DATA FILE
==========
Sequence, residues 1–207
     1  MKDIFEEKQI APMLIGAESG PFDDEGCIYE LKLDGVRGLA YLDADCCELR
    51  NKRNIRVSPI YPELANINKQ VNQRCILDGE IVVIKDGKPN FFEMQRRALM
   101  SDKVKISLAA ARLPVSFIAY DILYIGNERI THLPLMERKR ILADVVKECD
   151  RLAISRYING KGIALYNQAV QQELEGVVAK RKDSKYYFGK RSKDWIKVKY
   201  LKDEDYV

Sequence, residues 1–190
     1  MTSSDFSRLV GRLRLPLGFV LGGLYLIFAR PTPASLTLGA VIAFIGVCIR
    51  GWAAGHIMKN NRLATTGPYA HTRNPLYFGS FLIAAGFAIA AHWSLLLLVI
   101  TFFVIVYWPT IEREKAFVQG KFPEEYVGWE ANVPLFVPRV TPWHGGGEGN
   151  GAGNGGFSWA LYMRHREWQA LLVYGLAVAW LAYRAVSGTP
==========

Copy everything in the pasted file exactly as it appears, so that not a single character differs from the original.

Sequence, residues 1–207
     1  MKDIFEEKQI APMLIGAESG PFDDEGCIYE LKLDGVRGLA YLDADCCELR
    51  NKRNIRVSPI YPELANINKQ VNQRCILDGE IVVIKDGKPN FFEMQRRALM
   101  SDKVKISLAA ARLPVSFIAY DILYIGNERI THLPLMERKR ILADVVKECD
   151  RLAISRYING KGIALYNQAV QQELEGVVAK RKDSKYYFGK RSKDWIKVKY
   201  LKDEDYV

Sequence, residues 1–190
     1  MTSSDFSRLV GRLRLPLGFV LGGLYLIFAR PTPASLTLGA VIAFIGVCIR
    51  GWAAGHIMKN NRLATTGPYA HTRNPLYFGS FLIAAGFAIA AHWSLLLLVI
   101  TFFVIVYWPT IEREKAFVQG KFPEEYVGWE ANVPLFVPRV TPWHGGGEGN
   151  GAGNGGFSWA LYMRHREWQA LLVYGLAVAW LAYRAVSGTP